Archive for Saturday, September 29, 2001

Events can define presidents

September 29, 2001


— Great events make great presidents, and George W. Bush has his event. The terrorist attack on the United States is the most horrific tragedy to unfold on American soil since the Civil War. The Bush administration will be tested and defined by this terrible act.

The most significant development is the overnight change the attack brought in our thinking about military casualties. Ever since the end of the Vietnam War, Americans have imposed upon their political leaders a fear of sending service people into harm's way.

Americans have always placed a high value on human life, and the loss of one person military or civilian is appropriately viewed as a tragedy. But the military exists to protect the nation. It exists to protect the civilian population, and a reluctance to use it can have terrible consequences.

As a result, except for the Gulf War, all of America's military actions since Vietnam have been surgical in nature, designed to achieve objectives with the least number of casualties always an appropriate goal. But, in the course of such thinking, we have come to place objectives and casualties on the same plane.

In fact, anticipated casualties must be a factor in deciding whether or not a given objective is worth the cost. The question is whether, since Vietnam, America has been willing to properly assess those objectives and costs.

Then came the Gulf War in 1991. Saddam Hussein was running amok, and Middle Eastern oil resources were threatened. Americans were braced to expect between 30,000 and 50,000 casualties albeit, we considered our numerous advantages and wrote at the time: "The war will last as long as it takes a tank to drive to Baghdad, and American casualties will be under 500." In fact, 143 American lives were lost in the war because our allies and we employed overwhelming force backed by technologically superior weaponry.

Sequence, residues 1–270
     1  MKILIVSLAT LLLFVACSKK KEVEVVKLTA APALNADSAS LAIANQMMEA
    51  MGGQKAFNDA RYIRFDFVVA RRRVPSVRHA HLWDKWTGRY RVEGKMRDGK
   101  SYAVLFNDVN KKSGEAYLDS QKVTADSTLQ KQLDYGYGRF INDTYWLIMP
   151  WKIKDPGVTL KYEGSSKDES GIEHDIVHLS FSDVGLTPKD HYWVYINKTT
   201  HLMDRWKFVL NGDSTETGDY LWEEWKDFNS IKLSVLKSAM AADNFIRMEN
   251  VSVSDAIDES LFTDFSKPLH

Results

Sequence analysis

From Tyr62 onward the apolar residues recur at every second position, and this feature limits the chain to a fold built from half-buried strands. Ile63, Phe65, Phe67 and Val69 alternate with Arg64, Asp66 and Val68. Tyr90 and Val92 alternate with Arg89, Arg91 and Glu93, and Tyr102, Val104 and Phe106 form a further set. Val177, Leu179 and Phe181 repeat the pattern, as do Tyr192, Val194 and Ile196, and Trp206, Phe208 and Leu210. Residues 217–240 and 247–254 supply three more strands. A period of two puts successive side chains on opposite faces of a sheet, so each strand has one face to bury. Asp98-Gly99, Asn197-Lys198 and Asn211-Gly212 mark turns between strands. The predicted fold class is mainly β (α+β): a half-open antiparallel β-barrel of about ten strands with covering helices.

In the 10 years since that war, America fell back into its casualty-averse attitude, only to witness the loss of thousands of lives mostly civilian on Sept.11. Suddenly, America was awakened. Now America will do what it should have done years ago. It will root out the terrorists and their governmental sponsors at the source. Americans will accept the prospect of military casualties because the objective requires it. The problem is that the objective required it before Sept. 11.

We can hope and pray for the young men and women who are about to risk their lives for us and our nation's future, but we must see this thing through. It is time to stamp out terrorism, whether it originates from Afghanistan, Sudan, Iraq, Iran, Lebanon, Syria or Libya. It is time to bring an end to the threats posed by Osama bin Laden, Saddam Hussein and Moammar Khadaffy. And we are going to lose brave people in the process. The alternatives including terrorist attacks with chemical, biological, or even nuclear weapons are too gruesome to contemplate.

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